The pruning of the vine is a very important step in the elaboration of a wine. It conditions the good fructification and the grape harvest. This limits the growth of the vine in order to regulate the production of grapes in quantity and quality.
Generally the vines are pruned at the end of winter, between February and March, to avoid periods of frost. The aim is to keep only the most fertile buds, i.e. those that appear on the one-year-old wood. Buds growing on wood that is more than a year old are less fertile, so all old wood must be pruned. It can also be trimmed during the summer period but it is not compulsory. Pruning removes old wood to make room for new, more fertile shoots.
It is a short pruning of the vine used in some vineyards. It is mainly practiced in Mediterranean regions because having a vine stock close to the ground protects the vine from the wind and the falling vegetation helps to protect the bunches from the sun. With this pruning, only 3 to 5 arms (branches) are kept on the vine stock. The branches end with a spur of 3 or 4 buds. This size is mainly used in the Mediterranean south and there are several types of goblet size depending on the region.
This size is slightly closer to the cup size because it can be short but has the particularity of being able to be high. For this size only 1 or 2 arms should be kept with each 3 or 4 spurs with 2 buds. This size is recommended for quality production. It is used in many parts of the world.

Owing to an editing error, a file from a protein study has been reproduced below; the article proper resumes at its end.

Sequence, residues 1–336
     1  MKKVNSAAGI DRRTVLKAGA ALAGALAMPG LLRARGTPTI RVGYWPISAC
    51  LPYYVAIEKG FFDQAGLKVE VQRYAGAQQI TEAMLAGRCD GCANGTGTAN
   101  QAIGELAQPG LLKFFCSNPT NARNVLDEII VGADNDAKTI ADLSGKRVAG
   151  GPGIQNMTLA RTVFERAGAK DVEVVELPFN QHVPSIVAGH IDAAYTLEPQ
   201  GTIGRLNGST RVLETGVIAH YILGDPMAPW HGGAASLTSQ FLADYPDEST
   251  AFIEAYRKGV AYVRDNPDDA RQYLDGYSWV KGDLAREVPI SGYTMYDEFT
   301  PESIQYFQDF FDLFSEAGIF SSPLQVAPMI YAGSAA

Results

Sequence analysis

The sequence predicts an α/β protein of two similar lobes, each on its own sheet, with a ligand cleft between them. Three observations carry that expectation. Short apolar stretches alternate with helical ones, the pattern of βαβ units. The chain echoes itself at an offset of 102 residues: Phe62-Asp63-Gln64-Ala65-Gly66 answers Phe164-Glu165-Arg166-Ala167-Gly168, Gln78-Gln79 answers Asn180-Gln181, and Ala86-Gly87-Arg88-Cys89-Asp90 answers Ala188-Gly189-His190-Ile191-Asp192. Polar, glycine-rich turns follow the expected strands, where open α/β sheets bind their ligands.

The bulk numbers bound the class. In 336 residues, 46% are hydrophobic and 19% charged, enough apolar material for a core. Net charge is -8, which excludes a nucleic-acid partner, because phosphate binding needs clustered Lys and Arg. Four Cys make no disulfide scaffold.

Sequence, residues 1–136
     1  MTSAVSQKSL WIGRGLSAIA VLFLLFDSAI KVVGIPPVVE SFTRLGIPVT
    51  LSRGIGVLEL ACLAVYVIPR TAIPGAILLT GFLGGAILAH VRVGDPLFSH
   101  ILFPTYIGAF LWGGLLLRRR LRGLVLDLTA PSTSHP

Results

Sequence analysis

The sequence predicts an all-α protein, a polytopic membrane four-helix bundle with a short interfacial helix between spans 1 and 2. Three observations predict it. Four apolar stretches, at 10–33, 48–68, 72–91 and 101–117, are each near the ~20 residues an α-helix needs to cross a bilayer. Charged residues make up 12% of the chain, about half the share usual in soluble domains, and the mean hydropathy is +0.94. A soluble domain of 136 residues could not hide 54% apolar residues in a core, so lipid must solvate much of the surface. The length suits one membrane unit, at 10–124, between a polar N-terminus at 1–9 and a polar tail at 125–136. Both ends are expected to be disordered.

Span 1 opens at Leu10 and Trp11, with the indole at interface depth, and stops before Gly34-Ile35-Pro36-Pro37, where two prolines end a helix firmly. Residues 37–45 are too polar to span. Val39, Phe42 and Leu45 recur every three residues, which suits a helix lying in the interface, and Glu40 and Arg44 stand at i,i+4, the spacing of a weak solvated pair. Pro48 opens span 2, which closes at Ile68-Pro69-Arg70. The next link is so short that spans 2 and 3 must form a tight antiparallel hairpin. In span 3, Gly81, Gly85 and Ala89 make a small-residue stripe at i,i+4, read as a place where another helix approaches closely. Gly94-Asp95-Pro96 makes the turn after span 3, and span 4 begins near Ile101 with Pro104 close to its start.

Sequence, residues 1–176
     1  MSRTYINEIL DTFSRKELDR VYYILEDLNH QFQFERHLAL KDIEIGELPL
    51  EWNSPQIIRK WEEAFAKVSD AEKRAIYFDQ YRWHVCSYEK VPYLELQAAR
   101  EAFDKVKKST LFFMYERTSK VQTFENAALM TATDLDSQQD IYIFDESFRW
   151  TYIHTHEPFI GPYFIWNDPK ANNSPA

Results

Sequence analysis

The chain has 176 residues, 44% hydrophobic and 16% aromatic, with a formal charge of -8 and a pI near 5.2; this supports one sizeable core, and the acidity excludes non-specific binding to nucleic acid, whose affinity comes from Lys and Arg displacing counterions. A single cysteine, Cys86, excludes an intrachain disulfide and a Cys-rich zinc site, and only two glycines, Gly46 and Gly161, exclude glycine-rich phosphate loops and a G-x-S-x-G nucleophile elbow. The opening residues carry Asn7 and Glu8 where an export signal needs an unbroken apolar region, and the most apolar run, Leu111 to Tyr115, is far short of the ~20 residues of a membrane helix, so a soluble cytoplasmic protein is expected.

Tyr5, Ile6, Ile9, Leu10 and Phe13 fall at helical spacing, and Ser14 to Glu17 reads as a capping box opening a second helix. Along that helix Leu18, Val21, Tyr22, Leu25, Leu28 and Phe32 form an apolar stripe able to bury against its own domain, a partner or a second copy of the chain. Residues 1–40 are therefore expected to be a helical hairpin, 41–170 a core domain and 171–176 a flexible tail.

The advantage of string pruning and cup pruning is that both methods of pruning keep as many buds as possible.
Considered the most productive, guyot pruning keeps only the fruit bearing buds (which are fertile). For this size, the quality of the bunches is preferred to the quantity produced. Production depends on the length of the rod and the number of buds. We select a stick that can go from 6 to 12 buds and that will be attached to a spur and a wire. There are two types of Guyot sizes, single and double. This pruning is practiced in Alsace, Burgundy and Bordeaux.
This large size is the only one that still gives good results. It takes its name from its two trellis shafts that form a lyre. It's a high waist, two perpendicular arms carry the courtyards. This method is made to avoid shady areas and to optimize the sunshine and ventilation of the vine. It is practised in the Jura and the Hautes-Côtes-de-Beaune.
This new sizing method is designed to reduce costs as much as possible. This pruning is very short with one or two buds and aims to create a renewed pruning line each year but at the same height. The straighter the pruning line, the easier mechanical pruning will be. To do this, the cord is wrapped around a carrier wire.
Each type of pruning has its advantages and disadvantages and is more or less adapted to different regions, soils and climates. The most suitable method for the location must be chosen and whether quantity or quality is desired.
Lou Dubois for the Clusters